Tag Archives: Ken Kalfus

The Commissariat of Enlightenment: One embalmed thumb up.


Ken Kalfus’s The Commissariat of Enlightenment has some brilliant passages of startling and beautiful descriptions. The observations about the role of cinema and the visual in modern life are made more striking by the obvious reliance in the text on the written word. In one scene describing the interior of a movie theater Kalfus so captures the intimacy and community of the theater experience that I had to wonder whether this was a book made to be a movie. And yet, it’s not the sort of book that wants to be a movie and has been written imagining its later adaptation (think here The Da Vinci Code), but rather creates such vivid scenes that are plotted in such a way to create an affinity between the text and the visual. I wouldn’t want to see this as a film, as I loved the third person limited narration of Gribshin/Astapov and the often subtle, but nevertheless disruptive shift in narrative voice (almost as though the narrative camera had panned elsewhere). I will admit that the shifts in narrative voice at times left me frustrated and disoriented (however intentional such an experience might have been).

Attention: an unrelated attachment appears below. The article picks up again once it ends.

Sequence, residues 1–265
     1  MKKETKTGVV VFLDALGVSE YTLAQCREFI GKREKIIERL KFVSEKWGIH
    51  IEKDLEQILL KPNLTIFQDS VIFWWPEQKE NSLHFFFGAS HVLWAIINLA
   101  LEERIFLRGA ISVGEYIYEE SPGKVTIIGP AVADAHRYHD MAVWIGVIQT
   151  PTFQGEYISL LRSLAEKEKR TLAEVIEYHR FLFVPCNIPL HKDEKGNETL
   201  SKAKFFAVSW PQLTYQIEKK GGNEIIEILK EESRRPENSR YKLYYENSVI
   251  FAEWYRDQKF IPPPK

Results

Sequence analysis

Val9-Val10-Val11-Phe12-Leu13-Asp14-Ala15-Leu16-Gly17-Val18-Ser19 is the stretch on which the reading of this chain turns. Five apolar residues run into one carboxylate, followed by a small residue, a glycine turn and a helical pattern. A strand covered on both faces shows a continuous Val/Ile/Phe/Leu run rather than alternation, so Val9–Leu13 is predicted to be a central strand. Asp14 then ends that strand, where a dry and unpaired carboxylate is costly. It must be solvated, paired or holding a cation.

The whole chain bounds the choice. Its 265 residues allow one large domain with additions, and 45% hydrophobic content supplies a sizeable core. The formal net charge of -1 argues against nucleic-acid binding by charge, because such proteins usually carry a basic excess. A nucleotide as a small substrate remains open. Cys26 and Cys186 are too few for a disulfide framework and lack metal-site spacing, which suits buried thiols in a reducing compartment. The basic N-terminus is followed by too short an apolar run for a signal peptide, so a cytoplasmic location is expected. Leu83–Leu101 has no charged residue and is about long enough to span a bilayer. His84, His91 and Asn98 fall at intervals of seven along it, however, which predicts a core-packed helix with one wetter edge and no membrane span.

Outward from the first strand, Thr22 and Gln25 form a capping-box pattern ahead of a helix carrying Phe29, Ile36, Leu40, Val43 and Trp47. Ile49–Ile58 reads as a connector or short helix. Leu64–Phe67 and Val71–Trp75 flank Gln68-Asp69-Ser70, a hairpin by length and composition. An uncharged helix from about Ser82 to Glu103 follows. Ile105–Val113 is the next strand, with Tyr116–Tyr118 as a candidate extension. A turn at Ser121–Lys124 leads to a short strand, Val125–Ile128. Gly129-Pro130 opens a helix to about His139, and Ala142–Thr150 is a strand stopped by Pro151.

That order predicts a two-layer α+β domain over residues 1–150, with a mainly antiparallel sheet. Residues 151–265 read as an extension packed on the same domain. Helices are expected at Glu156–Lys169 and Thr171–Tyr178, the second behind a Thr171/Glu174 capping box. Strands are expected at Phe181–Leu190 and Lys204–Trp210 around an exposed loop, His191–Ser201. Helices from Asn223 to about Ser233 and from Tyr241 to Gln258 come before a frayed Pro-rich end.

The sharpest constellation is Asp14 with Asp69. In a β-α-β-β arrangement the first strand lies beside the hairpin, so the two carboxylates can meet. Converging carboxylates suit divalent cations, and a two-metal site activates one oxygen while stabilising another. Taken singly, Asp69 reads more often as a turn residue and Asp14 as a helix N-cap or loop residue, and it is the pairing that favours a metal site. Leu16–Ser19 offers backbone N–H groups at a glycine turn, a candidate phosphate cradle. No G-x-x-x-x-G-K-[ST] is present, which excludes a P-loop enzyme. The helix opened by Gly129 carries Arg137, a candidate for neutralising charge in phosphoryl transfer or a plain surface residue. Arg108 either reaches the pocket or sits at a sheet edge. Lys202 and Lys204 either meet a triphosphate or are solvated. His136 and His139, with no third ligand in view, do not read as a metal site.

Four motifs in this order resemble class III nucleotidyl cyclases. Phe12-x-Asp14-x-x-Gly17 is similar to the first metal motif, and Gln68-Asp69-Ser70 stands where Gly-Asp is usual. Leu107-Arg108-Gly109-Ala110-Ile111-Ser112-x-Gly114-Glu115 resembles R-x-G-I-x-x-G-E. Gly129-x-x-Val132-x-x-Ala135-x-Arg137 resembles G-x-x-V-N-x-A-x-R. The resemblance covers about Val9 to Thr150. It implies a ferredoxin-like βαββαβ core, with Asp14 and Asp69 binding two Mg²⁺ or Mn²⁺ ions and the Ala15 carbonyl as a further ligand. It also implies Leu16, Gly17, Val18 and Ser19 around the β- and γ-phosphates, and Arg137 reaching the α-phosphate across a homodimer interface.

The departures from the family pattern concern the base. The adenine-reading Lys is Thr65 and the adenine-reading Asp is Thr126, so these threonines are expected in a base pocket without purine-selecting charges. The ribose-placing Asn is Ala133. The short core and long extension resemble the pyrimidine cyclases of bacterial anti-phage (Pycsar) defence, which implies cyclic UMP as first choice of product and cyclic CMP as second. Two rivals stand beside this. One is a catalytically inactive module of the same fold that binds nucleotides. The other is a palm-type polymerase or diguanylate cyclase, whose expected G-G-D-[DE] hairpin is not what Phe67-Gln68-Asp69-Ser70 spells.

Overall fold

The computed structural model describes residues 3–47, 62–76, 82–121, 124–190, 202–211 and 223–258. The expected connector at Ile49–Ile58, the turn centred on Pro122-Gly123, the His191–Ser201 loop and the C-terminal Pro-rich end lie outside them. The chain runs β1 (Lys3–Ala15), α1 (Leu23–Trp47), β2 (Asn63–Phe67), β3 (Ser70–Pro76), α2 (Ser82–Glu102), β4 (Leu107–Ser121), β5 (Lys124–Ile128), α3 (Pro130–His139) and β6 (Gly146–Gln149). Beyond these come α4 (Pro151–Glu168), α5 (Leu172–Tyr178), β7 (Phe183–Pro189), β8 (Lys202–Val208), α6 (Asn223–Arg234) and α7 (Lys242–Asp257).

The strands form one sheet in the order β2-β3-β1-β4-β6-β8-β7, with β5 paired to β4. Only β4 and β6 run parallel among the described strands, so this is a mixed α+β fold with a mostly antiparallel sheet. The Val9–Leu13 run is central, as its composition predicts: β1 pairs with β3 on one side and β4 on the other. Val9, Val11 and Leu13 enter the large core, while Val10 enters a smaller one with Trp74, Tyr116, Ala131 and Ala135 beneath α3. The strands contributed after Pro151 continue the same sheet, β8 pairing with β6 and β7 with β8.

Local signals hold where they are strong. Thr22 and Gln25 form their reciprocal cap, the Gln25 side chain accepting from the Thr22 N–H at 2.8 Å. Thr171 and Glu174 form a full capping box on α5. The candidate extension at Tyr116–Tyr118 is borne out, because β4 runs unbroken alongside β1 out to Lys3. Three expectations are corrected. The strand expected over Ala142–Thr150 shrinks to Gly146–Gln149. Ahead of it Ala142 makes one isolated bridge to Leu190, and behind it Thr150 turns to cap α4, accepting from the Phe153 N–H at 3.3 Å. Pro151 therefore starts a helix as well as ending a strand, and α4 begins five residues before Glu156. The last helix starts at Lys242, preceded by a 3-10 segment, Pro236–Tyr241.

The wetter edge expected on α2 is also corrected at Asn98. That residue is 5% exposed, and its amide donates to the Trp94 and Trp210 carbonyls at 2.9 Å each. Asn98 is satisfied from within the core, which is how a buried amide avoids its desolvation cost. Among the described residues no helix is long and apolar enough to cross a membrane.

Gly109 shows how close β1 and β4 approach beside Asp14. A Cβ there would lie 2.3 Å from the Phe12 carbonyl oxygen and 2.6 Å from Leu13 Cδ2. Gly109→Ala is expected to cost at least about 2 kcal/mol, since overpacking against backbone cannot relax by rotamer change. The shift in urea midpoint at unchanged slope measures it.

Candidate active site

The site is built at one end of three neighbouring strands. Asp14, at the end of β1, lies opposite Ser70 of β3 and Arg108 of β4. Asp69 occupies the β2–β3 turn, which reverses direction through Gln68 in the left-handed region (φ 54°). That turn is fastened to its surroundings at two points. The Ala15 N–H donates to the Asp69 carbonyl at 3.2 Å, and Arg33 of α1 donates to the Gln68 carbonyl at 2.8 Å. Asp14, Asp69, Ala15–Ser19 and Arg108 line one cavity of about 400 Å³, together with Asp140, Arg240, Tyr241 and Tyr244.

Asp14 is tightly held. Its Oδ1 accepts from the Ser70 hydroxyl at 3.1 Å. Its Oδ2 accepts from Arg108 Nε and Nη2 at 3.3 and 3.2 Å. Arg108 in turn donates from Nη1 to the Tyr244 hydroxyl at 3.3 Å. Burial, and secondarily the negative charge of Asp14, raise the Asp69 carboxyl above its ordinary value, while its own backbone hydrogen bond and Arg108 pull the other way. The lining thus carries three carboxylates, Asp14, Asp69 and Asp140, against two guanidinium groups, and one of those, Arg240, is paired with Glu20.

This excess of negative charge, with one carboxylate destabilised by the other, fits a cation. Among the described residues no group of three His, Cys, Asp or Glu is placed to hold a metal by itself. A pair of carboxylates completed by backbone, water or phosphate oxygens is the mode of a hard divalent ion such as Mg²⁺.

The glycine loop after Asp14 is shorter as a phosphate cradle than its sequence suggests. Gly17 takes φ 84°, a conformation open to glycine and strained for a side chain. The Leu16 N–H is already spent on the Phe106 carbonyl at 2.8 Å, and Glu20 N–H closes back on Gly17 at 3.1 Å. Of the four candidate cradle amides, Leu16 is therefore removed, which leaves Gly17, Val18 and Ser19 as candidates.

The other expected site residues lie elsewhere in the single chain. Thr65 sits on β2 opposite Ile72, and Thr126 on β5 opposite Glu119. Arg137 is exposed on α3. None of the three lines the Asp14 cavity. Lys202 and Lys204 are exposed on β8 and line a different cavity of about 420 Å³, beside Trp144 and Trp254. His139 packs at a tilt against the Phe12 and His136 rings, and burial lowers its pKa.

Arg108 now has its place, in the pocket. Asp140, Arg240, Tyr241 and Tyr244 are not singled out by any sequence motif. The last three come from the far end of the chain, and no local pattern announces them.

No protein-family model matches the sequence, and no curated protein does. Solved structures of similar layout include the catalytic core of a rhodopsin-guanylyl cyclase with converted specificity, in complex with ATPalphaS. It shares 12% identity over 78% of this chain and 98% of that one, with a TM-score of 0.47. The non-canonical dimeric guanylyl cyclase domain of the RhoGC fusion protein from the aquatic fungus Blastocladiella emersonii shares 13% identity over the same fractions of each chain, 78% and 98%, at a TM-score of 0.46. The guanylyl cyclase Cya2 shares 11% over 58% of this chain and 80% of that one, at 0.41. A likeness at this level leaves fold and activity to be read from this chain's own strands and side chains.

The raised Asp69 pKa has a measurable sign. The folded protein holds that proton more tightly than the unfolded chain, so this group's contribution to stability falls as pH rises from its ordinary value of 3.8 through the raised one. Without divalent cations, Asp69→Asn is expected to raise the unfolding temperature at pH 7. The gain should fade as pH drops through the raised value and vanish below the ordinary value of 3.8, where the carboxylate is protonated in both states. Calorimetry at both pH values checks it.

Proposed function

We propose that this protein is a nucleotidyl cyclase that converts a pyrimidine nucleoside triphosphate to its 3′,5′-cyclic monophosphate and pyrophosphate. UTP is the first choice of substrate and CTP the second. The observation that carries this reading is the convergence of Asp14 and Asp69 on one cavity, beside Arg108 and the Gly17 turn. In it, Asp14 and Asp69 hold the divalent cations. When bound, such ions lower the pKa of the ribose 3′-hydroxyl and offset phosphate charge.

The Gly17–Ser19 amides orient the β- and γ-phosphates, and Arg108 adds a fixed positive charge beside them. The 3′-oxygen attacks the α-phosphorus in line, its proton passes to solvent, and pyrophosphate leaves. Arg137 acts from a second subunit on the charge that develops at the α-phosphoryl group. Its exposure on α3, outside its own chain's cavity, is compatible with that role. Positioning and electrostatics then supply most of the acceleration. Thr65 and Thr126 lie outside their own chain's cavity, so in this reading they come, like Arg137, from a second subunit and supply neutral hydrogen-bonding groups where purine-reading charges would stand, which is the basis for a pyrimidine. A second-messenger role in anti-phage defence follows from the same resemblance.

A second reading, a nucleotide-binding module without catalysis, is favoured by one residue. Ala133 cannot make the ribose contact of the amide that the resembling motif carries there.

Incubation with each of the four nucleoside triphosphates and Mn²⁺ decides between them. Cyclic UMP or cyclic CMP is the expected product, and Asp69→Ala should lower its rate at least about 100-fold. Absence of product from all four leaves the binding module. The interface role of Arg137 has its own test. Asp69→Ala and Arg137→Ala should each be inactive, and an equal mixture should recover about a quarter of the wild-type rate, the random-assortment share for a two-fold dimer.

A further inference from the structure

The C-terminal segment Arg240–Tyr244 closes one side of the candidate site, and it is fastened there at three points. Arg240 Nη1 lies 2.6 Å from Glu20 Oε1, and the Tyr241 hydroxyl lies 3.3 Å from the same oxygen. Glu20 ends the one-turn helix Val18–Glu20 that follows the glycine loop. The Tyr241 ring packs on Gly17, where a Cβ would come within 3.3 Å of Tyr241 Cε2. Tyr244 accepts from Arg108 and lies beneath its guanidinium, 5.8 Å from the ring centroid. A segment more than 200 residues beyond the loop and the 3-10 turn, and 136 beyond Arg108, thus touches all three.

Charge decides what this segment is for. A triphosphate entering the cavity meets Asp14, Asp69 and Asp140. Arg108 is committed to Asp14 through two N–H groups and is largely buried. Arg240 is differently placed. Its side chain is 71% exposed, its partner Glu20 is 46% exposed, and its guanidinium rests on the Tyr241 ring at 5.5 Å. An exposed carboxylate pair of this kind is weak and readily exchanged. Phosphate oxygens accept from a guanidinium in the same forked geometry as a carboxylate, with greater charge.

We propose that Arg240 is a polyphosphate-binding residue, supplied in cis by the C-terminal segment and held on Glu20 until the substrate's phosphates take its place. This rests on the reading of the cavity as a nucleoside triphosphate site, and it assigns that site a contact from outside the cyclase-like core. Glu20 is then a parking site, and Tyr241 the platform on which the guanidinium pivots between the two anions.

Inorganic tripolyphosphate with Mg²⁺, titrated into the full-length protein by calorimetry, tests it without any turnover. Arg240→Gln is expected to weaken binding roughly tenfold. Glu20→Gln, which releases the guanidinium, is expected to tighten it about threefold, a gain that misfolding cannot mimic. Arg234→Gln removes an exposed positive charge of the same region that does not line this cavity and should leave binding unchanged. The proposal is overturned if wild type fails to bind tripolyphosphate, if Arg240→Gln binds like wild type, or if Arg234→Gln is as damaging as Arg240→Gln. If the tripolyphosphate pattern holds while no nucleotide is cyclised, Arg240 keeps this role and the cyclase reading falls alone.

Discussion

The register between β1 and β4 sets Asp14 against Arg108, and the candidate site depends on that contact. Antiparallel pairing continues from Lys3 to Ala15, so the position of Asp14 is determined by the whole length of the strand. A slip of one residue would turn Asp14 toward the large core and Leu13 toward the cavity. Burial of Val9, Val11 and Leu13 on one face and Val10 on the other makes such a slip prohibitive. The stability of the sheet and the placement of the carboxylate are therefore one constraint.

The novel opens with Tolstoy’s death and ends with Lenin’s. My favourite scenes came in the last pages as Lenin narrates posthumously the comings and goings and rapid shifts in time and power. I thought to recommend this book to my colleague who studies “time and narrative,” because the novel’s meditations on the beginning and end of political and social eras as tied to technology is fascinating, and utterly appropriate for our time. I should read more about Russian history. I say this without any intention or plan to act accordingly, but whenever I read bits and pieces of the story I am reminded of how fascinating a history it must be. Good thing N. knows the history well, as questions about Gorbachev and Stalin always come up at quiz night, and I never know. Alas, having read this book won’t help, as the history was focused on how propaganda participated in the Revolution, and not, so much at all, on the politics of the Revolution itself. So there you go.


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